Cognitive Dissonance and Advertising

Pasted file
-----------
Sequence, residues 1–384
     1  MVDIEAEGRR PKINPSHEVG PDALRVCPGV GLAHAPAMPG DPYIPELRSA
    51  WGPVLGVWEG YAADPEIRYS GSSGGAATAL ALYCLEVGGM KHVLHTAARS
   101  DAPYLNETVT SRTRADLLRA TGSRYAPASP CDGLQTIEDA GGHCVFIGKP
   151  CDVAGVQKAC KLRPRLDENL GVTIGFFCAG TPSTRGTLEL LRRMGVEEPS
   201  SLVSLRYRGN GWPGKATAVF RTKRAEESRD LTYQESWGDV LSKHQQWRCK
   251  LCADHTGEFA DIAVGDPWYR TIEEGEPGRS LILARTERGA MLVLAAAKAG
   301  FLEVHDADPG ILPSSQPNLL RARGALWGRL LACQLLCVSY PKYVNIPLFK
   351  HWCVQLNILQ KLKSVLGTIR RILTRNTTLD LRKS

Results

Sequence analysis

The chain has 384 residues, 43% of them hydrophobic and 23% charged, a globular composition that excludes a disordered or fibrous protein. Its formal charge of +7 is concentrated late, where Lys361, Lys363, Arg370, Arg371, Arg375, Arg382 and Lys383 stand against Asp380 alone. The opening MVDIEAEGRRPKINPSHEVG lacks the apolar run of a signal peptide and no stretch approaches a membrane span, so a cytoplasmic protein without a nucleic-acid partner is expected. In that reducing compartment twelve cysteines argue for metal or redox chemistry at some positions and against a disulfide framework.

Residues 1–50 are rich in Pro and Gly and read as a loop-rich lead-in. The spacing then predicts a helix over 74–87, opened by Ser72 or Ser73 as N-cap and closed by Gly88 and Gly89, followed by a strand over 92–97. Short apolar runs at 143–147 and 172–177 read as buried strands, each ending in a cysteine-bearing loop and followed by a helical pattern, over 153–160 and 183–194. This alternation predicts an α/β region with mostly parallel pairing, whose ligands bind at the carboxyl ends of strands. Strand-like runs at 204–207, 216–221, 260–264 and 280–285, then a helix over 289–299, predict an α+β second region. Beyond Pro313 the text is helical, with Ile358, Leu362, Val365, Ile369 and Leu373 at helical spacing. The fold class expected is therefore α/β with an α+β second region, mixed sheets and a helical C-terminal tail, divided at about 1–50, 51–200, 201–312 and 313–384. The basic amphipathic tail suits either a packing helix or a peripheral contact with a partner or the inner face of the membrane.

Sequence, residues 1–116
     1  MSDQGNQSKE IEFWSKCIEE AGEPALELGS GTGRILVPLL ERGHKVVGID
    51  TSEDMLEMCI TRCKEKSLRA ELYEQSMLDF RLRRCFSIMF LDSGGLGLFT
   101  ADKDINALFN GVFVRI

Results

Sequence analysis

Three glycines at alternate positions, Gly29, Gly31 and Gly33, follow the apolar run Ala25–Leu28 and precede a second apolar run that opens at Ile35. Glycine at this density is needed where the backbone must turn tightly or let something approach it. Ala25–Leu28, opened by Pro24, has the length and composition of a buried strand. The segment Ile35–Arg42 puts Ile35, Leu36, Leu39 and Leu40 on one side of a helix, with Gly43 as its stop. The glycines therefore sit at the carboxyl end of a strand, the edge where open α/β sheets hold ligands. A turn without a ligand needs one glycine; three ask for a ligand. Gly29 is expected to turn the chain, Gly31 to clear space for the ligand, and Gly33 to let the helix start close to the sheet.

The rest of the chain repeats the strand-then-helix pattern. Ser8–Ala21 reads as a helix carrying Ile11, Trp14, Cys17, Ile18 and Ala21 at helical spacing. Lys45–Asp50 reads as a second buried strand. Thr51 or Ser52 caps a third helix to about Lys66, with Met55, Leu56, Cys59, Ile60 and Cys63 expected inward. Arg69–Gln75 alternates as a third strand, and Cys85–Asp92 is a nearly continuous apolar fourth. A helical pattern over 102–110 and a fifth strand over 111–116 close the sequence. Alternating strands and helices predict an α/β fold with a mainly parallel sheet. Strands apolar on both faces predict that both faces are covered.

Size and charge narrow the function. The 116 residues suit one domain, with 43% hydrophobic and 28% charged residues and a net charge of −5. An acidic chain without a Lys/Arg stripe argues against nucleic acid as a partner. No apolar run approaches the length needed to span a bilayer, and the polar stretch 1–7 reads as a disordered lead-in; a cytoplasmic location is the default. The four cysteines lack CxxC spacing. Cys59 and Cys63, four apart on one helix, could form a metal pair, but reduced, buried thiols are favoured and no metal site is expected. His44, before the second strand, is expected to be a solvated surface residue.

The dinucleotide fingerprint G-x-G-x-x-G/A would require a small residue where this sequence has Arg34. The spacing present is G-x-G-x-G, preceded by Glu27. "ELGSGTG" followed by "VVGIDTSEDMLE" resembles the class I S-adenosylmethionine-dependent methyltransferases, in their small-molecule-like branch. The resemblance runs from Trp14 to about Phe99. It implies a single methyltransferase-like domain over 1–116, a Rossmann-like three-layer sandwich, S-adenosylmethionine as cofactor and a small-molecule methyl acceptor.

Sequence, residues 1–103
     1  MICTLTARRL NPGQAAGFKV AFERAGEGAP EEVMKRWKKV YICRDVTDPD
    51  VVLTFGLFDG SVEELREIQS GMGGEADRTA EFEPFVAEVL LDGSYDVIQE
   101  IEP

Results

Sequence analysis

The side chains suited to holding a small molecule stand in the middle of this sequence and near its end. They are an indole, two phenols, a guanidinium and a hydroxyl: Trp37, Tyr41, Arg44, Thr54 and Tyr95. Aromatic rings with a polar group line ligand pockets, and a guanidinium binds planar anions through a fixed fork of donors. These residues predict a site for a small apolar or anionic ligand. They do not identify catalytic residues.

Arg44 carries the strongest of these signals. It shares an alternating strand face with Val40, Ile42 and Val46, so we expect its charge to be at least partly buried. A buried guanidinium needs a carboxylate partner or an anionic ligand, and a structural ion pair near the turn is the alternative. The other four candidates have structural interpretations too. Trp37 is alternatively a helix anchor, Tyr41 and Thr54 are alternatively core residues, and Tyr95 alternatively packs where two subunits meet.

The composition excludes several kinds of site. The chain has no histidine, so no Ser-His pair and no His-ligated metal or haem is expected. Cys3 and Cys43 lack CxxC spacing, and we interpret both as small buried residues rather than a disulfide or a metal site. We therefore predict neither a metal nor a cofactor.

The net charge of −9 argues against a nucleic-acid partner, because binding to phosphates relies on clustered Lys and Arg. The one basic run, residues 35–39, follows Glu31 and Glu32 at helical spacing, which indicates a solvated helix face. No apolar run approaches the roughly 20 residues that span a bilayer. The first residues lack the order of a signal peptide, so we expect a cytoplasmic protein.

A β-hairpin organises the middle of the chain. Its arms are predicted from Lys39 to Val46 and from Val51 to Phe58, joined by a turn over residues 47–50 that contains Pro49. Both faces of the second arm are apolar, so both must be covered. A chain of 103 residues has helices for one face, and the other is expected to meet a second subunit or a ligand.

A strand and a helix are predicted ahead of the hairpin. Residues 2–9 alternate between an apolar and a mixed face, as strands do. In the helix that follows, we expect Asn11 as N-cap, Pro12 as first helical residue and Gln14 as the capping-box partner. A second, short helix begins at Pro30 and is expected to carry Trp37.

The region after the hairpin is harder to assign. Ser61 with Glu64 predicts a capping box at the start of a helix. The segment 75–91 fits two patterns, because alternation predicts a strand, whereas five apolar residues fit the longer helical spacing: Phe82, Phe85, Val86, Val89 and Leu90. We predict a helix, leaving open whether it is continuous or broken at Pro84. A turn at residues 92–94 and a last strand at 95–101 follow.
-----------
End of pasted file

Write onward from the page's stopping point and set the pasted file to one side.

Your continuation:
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Cognitive Dissonance and Advertising Advertising deals with people’s feelings and emotions. It includes understanding of the psychology of the buyer, his motives, attitudes, as well as the influences on him such as his family and reference groups, social class and culture. In order to increase the advertisements persuasiveness, advertisers use many types of extensions of behavioural sciences to marketing and buying behaviour. One such extension is the theory of cognitive dissonance. The purpose of advertising can be to create a cognitive dissonance to generate a favourable response from the buyer toward a product or a concept. First of all, I will talk about the purpose of advertising and its mechanism and I will look at how it can be related to the theory of cognitive dissonance. In addition to that, I will examine the effects of fear appeals on consumers, which are a direct application of the theory of cognitive dissonance. I will try to provide concrete examples of fear appeals and I will take into consideration the ethical aspect of fear appeals. In last part, I will give some examples, where advertisements are used to reduce the cognitive dissonance. The purpose of advertising is simply to sell a product or a service. In social contexts ads have many other applications such as reducing accidents, increasing voting and reducing smoking which must be assessed instead of profit. However people do not automatically buy a product after they are exposed to an ad. First, they have thoughts or feelings about a product, and then they buy it. Advertising and other types of marketing communications directly affect consumer’s mental processes. Advertising can be thought of as stimulus that produces a response or an effect. Moreover, the main objective of advertisements is to convince consumers that the alternative offered by the product provides the best chance to attain the goal. The attitude toward the advertisement is defined “as a predisposition to respond in favourable or unfavourable manner to a particular advertising stimulus during a particular exposure occasion ”. The range of feelings generated by advertisements is broad and spreads from contentment to repulsion. Those feelings can have a direct impact on brand attitudes. It is really important for advertisers to generate a feeling that will modify the buyer’s attitude tow... ... middle of paper ... ...vertisers to be familiar with those concepts and to understand their implications. Works Cited: SOLOMON M, Consumer behaviour: a European perspective, 1999, Prentice Hall EAST R., Consumer Behaviour: Advances and applications in marketing, 1997, Prentice Hall. FOXALL G.R. and GOLDSMITH R.E., 1995, Consumer Psychology for Marketing, Routledge. FILL C., 1995, Marketing Communications, Prentice Hall. SCHIFFMAN L., 1994, Consumer Behaviour, Prentice Hall. SHIMP T.A., 1993 , Promotion management and marketing communications, 3rd edition, The Dryden Press. SCHUDSON M., 1993, Advertising, the uneasy persuasion. It’s dubious impact on American society, Routledge. ASSAEL H., 1987, Consumer Behaviour and Marketing Action, 3rd edition, PWS-Kent Publishing Company. WILLIAMSON J., 1978, Decoding advertisements : ideology and meaning in advertising, Boyars. FESTINGER L., 1957, A theory of cognitive dissonance, Evanston. Quick References : Journal of advertisements. Journal of marketing research. Internet : http://uts.cc.texas.edu/~chaekm/dissonance.htm http://ciadvertising.org/studies/student/99_spring/interactive/tai/theory3/purchase.html
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